The predicted SnP$_3$ monolayer (bilayer) has an indirect band gap of 0.71 eV (1.03 eV), which is close to that of silicon (1.16 eV) and is desirable for optoelectronic devices in experiments. Therefore, we have assessed the optical performance by calculating the absorption coefficients of 1L and 2L SnP$_3$. As shown in FIG. 6, 1L and 2L SnP$_3$ exhibit excellent light harvesting ability in the important region from 1 eV to 4 eV, which covers the entire visible solar spectrum. And the in-plane absorption coefficients reach the order of 106 cm$^{-1}$ which are comparable to those of organic perovskite solar cells [56]. This remarkable optical performance indicates that 2D SnP$_3$ is a very promising material for efficient photovoltaic solar cells and optoelectronic devices.

 FIG. 6 Calculated in-plane ($x$-$y$) absorption spectra for 1L and 2L SnP$_3$ 2D structures at the PBE level.
Ⅳ. CONCLUSION

In summary, we have predict two-dimensional SnP$_3$ as a new semiconducting material with remarkable properties for nanoelectronic and optoelectronic applications. Monolayer and bilayer 2D SnP$_3$ are calculated to be semiconductors with indirect band gaps of 0.71 and 1.03 eV, respectively. The calculated cleavage energies of SnP$_3$ monolayer (1.06 J/m$^2$) and bilayer (0.62 J/m$^2$) indicate the possibility of exfoliation from the bulk. Moreover, SnP$_3$ bilayer has a quite high carrier mobility for holes, which is about 9.171$\times$10$^4$ cm$^2$$\cdotV^{-1}$$\cdot$s$^{-1}$ along the armchair direction and 5.565$\times$10$^4$ cm$^2$$\cdotV^{-1}$$\cdot$s$^{-1}$ along the zigzag direction. In addition, 2D SnP$_3$ shows a high optical absorbance of 106 cm$^{-1}$ in the entire visible solar spectrum. All these excellent features make 2D SnP$_3$ a prospective candidate for nanoelectronics.

Supplementary materials: : The atomic positions and lattice parameters are included. Besides, the band structure of 3L SnP$_3$, the electronic structures and charge density of 1L and 2L SnP$_3$, and the method of calculating the mobility are also included.

Ⅴ. ACKNOWLEDGMENTS

This work was supported by the National Natural Science Foundation of China (No.11604146, No.51522206, and No.11774173), a Project Funded by the Priority Academic Program Development of Jiangsu Higher Education Institutions, Outstanding Youth Fund of Nanjing Forestry University (NLJQ2015-03), and the Fundamental Research Funds for the Central Universities (No.30915011203). We also acknowledge the support from the Shanghai Supercomputer Centre.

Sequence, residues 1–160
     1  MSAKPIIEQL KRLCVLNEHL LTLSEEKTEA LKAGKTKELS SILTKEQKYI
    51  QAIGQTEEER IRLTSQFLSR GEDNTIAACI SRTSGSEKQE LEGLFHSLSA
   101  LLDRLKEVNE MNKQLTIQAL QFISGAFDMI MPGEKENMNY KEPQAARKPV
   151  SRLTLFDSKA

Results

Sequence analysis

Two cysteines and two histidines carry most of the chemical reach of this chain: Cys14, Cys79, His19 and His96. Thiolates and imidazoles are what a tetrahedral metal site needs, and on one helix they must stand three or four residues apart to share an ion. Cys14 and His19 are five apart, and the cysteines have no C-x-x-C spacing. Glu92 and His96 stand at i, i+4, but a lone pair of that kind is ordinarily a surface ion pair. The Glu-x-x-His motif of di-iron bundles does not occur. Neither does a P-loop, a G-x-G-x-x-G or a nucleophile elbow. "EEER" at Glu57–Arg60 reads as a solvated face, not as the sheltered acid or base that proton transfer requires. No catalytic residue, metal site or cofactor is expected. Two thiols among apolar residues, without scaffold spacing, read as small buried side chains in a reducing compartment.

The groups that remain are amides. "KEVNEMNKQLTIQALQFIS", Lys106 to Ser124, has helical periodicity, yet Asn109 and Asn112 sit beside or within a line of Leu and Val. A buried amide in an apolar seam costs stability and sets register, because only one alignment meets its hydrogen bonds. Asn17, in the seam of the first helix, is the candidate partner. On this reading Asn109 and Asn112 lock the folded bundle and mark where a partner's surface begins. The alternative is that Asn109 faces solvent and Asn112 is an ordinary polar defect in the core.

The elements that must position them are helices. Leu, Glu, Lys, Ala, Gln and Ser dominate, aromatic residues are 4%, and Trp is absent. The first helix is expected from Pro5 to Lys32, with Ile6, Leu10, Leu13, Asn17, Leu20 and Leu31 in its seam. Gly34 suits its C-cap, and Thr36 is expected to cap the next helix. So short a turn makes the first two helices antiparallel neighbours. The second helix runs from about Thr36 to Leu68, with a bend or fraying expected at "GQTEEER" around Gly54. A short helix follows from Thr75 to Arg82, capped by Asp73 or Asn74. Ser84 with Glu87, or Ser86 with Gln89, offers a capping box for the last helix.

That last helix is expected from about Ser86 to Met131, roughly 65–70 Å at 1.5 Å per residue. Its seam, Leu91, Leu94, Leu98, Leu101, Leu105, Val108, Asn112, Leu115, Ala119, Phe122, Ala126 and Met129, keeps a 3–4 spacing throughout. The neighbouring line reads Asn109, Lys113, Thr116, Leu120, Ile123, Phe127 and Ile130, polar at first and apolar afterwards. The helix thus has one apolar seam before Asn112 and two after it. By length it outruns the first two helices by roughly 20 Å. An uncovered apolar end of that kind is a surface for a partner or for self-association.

Supporting Information

Structural details for bulk, bilayer and monolayer SnP3

Here is the POSCAR information for optimized SnP3 monolayer with lattice geometry and atom potisions.

1L-SnP3

1.00000000000000

6.1963419277890983   -3.5774596799999978   0.0000000000000000

0.0000000000000000   7.1549193600000001   0.0000000000000000

0.0000000000000000   0.0000000000000000   17.0000000000000000

P   Sn

6   2

Direct

0.8332946022857263   0.1667053977142739   0.4804750056082320

0.8332946022857263   0.6665892045714592   0.4804750056082320

0.3334107954285407   0.1667053977142739   0.4804750056082320

0.1667053977142739   0.8332946022857263   0.5195249943917679

0.6665892045714592   0.8332946022857263   0.5195249943917679

0.1667053977142739   0.3334107954285407   0.5195249943917679

0.3333333333333357   0.6666666666666643   0.4163344926991587

0.6666666666666643   0.3333333333333357   0.5836655073008413

Table S1 The optimized lattice constants (Clattice) and bond length for P-P and Sn-P in SnP3 monolayer (1L), bilayer (2L) and bulk, respectively, in comparison to the experimentally examined values (EXP) for the bulk[1].

Electronic Properties

 FIG. S1 (a) Band structure of 3L SnP3. Electronic density of states of p orbits for monolayer(b) and bilayer(c).
 FIG. S2 (a) Electronic density of states for monolayer; (b) charge density of CBM and (c) VBM.

Carrier Mobility

An orthogonal lattice and the selected Brillouin zone were used for the convience of caculating the carrier mobilities of 1L and 2L SnP3 along the zigzag and armchair directions as shown in Figure S1a. The cacualted results of 1L SnP3 are shown as an example in Figure S1b, S1c, S1d.

According to ${{\rm{m}}^*} = {\eta ^2}{\left[{{\partial ^2}E(k)/\partial {k^2}} \right]^{ - 1}}$, the effective masses of the electrons and holes along the armchair and zigzag directions are calculated. By simulating the total energy (E) change of the 2D material motivated by the applied strain (ε), the in-plane stiffness (C2D) can be obtained as shown in Figure S1b. According to ${C_{2D}} = \left[{{\partial ^2}E/\partial {\varepsilon ^2}} \right]/{S_0}$, we calculated the C2D along the armchair and zigzag directions, where S0 is the surface area of the optimized supercell. As presented in Figure S3c and d, the DP constant (E1) can be obtained by fitting the liner relationship of the band edge (Eedge) for VBM and CBM with the strain exertion (ε) along the zigzag and armchair directions, respectively. The specific values are shown in Table 1.

 FIG. S3 (a) Band structure of 1L GeP3 in an orthogonal supercell and the selected Brillouin zone for the orthogonal lattice is plotted inside (b) Energy difference between the total energy of unstrained and strained 1L GeP3 along the zigzag and armchair directions; (c) and (d) energy shift of VBM and CBM for 1L GeP3 with respect to the lattice dilation and compression along the zigzag and armchair directions, respectively.

References

1. Gullman, J.; Olofsson, O. J. Solid State Chem. 1972, 5, 441-445.

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2D SnP$_\bf{3}$:具有高载流子迁移率和光吸收率的范德瓦尔斯晶体